Film #17: The Dark Knight


As a predecessor to The Dark Knight Rises, there will be plenty to talk about in today’s review of The Dark Knight. I was unsure about whether to do a review on The Dark Knight Rises, as I have already seen it, but I found it difficult to do without giving a whole lot away. I’ll tell you what…I will finish the review and make it available to those who have seen the movie by password protecting the blog post. The password will be the name of the ‘true’ identity of Joseph Gordon-Levitt. Pay close attention, they reveal it in a conversation between himself and another women near the end of the movie. (If you saw the movie and are still having trouble with the password, let me know in the comments with your email and I will give it to you.)

The Dark Knight is still amazing, I have to say. It got a bit old when everyone was raving about it and saying that it was ‘perfection’ in film, but after a few years without seeing it. Wow, I just looked, and it has been 4 YEARS since this movie came out! I am shocked at how long the gap between these movies is. Usually it will be one or two years, but four is just really long.

Anyway, DK (Dark Knight), is very, very good aged. I mean, watch it with a good amount of time between viewings. You will find that this film shows you new and interesting things with each time you see it. DK is excellent at exposing the human condition and how people will act when given a moral dilemma. The Joker, played by the fantastic Heath Ledger, acts as a moral tester, a devil on the shoulder so-to-speak. The Joker is driven by the “fun” moral decisions that humans will make when the pressure is on. Examples include 1.) placing loved ones in mortal peril and making the person decide who lives (or who they love more), 2.) telling the citizens of Gotham that a hospital will blow-up unless a reporter, who is threatening to stop The Joker’s plans, is killed, 3.) putting convicts on one boat and citizens on another boat giving both boats a detonator to the explosives attached to the boat–you can either blow up the other boat and live, or get blown up in a half an hour.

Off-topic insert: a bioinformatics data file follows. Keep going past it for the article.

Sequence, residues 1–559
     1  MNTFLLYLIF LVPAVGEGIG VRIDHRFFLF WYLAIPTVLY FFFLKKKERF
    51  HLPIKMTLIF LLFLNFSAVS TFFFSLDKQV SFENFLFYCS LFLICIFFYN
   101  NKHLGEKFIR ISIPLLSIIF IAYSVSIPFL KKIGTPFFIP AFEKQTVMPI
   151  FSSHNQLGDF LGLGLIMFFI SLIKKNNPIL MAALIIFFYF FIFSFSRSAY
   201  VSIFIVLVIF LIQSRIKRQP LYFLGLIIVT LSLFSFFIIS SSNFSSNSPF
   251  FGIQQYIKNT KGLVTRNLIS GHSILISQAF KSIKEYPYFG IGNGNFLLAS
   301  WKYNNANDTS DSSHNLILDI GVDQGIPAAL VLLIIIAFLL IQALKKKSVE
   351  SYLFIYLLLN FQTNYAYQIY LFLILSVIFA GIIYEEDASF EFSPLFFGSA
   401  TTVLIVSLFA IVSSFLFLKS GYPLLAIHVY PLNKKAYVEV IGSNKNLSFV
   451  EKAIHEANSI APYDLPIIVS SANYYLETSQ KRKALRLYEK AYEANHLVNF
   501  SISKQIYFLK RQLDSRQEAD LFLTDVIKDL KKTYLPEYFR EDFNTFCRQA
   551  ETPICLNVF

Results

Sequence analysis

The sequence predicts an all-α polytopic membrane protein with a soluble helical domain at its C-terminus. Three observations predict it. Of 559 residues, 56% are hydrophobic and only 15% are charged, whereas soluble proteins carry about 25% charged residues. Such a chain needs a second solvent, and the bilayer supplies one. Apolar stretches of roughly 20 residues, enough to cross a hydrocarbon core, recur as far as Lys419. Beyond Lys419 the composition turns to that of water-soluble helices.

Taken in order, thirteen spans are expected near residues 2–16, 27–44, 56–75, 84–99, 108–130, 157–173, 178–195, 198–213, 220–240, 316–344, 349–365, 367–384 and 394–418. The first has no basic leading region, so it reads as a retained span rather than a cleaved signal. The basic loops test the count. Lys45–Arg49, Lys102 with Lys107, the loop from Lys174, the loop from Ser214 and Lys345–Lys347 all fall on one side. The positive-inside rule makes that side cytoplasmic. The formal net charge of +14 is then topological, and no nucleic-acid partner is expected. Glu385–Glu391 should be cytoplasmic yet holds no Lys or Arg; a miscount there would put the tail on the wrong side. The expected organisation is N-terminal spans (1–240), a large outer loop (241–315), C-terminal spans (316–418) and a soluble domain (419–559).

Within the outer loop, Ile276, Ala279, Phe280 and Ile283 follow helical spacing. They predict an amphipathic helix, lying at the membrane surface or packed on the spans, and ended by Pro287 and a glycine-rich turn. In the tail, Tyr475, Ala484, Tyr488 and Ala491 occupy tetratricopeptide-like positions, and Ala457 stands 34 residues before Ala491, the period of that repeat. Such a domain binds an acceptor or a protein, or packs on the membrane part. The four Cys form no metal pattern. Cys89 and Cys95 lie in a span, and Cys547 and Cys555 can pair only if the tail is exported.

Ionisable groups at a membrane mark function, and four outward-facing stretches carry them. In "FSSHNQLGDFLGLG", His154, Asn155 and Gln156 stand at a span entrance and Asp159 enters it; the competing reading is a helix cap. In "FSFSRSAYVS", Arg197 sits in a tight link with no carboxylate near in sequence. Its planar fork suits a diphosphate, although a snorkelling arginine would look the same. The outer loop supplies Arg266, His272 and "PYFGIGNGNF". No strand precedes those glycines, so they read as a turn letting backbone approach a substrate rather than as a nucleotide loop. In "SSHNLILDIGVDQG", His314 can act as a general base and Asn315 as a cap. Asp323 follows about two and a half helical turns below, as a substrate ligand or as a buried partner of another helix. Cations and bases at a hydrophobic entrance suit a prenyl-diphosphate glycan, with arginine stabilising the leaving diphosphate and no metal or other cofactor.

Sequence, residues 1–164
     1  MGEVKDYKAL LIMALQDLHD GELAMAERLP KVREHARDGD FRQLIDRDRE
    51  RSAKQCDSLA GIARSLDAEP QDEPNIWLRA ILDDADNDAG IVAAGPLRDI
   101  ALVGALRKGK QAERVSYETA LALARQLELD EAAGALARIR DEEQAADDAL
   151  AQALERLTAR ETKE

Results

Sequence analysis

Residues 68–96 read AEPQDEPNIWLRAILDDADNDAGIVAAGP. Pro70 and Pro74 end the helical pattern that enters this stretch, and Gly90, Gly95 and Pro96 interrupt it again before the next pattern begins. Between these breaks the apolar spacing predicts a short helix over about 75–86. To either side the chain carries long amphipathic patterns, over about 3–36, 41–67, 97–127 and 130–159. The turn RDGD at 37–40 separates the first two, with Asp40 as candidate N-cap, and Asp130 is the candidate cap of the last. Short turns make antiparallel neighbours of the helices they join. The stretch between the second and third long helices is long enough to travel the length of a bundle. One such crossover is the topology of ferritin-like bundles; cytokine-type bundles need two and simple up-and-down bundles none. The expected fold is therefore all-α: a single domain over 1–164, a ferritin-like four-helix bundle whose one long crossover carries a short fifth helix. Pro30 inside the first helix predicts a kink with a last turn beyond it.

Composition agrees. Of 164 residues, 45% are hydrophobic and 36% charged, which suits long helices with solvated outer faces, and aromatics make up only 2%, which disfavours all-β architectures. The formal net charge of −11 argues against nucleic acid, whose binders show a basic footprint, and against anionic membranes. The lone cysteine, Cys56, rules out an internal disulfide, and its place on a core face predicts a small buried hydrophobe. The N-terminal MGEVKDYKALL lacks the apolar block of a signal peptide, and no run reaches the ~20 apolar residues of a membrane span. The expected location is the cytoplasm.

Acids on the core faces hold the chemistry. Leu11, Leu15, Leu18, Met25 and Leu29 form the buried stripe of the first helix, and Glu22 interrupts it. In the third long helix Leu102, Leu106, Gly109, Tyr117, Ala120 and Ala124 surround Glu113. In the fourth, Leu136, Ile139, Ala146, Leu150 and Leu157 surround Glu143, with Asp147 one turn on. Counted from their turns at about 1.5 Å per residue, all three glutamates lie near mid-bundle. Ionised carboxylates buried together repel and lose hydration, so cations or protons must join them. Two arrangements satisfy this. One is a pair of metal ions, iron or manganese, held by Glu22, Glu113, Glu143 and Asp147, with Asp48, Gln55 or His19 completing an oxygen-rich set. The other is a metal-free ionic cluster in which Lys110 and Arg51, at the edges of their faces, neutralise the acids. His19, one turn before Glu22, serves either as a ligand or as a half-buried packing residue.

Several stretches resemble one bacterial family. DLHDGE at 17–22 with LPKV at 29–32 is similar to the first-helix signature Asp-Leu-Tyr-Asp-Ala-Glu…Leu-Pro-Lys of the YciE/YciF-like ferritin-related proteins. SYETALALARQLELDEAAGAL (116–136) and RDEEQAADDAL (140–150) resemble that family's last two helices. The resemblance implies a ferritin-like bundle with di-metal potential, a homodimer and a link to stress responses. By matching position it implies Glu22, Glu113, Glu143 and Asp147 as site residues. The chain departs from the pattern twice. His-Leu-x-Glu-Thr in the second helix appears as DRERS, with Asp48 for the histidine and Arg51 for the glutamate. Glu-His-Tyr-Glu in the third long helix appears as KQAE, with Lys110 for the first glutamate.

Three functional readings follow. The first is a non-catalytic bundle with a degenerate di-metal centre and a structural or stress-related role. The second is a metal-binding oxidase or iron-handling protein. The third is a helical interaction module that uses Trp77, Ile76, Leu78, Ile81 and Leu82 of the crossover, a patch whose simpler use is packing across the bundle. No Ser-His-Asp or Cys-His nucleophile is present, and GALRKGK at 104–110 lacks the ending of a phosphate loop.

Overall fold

I don’t necessarily love the fact that The Joker is doing any of this to anyone, but I absolutely love the conversations that can spawn from even one of these situations. Christopher Nolan does a fantastic job with the close-ups at just the right times, and the score of the film driving shivers right up your spine. Additionally, The Joker provides one of the most interesting and diabolical villans to be brought to life on film in many, many years. I don’t at all think that Heath’s death had anything to do with how well The Joker character was. I am relatively unbiased in saying that Heath’s performance was excellent even if he was still alive today.

In conclusion, this film has MUCH to be said, and this is why I am going to cut this short and simply say that DK was a treat to see again. I recommend seeing Batman Begins, and The Dark Knight before seeing The Dark Knight Rises, as the two films do a great job setting the scene for the third (even though the DKR story takes place 8 years after DK).

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